WARNING: LARGE NUMBER OF PICTURES
Welcome to Serkafka. This is the route which has been hinted at in previous posts. Its name is officially “The Serkafkan Grand Trunk Line,” and it connects southern Sondia and Odessa with the west. A short history on Serkafka will be forthcoming; to place it here would not be prudent according to our editors, so we shall go straight to the photographs.
The overview of this route, because it is so large, will be broken up into three parts. The first is this one, following an enormous 151-car Hy-Line Rail manifest over the southern portion of the route up until Machina Yard. The second part will detail the operation of Machina Yard and the surrounding area, and the third part will follow a Serkafkan Independent Government Railways train over the mountain range that necessitated the construction of the line in the first place. And so, without further ado, HLR train M-1284.
We start after the crossing of the Eezh river as M-1284 growls and squeals around a rather large bend. Up front are three RGE products, an HLR ES44AC, an FCR H-CF44AC-B1, and an RGE DASH 9 demonstrator unit currently belonging to SAYZ (Serkafkan Indepentdent Government Railways). On the rear end of the train are a pair of FCR helpers, tacked on to help the train with the rather stiff gradients to the east of here.
Most of the railways in the east of the Roman continent follow the same specifications for couplers, brakes, track gauge, axle loading, etc. This is because of the St. John International Railway Standards Agreement, or SIRSA. SIRSA created an international standard system based on Vidalian standards, covering everything from crashworthiness standards to rail weight in pounds per yard and allowing for many disparate countries to interchange equipment, as is evidenced here. Some countries, like Dertinia, chose not to follow this agreement, but many countries did agree to the regulations on both Roma and the Kasversas.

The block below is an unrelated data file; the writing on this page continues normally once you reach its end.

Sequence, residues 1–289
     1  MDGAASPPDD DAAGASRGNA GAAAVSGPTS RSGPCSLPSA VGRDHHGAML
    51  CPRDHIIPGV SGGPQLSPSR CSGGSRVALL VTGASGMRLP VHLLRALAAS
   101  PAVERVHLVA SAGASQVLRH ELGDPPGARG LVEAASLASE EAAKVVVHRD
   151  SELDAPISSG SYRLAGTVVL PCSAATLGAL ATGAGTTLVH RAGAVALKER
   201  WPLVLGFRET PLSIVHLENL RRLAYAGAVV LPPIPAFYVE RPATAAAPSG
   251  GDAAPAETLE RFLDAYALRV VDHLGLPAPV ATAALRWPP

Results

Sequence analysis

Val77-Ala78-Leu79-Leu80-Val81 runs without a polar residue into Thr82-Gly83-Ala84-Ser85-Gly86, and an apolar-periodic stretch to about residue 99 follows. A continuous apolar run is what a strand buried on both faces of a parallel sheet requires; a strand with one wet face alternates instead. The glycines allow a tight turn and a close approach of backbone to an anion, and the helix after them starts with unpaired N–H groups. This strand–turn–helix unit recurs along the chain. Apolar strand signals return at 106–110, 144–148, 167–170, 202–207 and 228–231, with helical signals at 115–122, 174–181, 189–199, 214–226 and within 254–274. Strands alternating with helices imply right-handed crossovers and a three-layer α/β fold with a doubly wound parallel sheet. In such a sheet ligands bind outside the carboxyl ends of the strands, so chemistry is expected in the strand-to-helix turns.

You can clearly see here the mammoth length of this train. We found out later that this train was hauling the entire contents of a small Odessian yard, and the train shrank considerably after Machina Yard–but that’s for later.
Pumping stations like this one at Dokya are fairly common throughout Serkafka. To simplify their purpose, let’s just say that they take bad water, turn it into good water, and pump it into the national water system.
Machina Yard lies conveniently at the convergence of four major rail lines in Serkafka: the Southern Grand Trunk Line to the south, the Main Grand Trunk Line to the north, the Reefyadas Cargo Line to the east, and the Dokcha Mainline to the southeast. This means that the yard is almost always crowded; however, for inexplicable reasons, the yard will sometimes completely empty out, leaving lots of rail and no railcars. Such was the case today as M-1284 rolled smoothly to a stop in front of the crew office.
Thanks for reading, and stay tuned for part 2 where we’ll cover the fascinating operations of Machina Yard!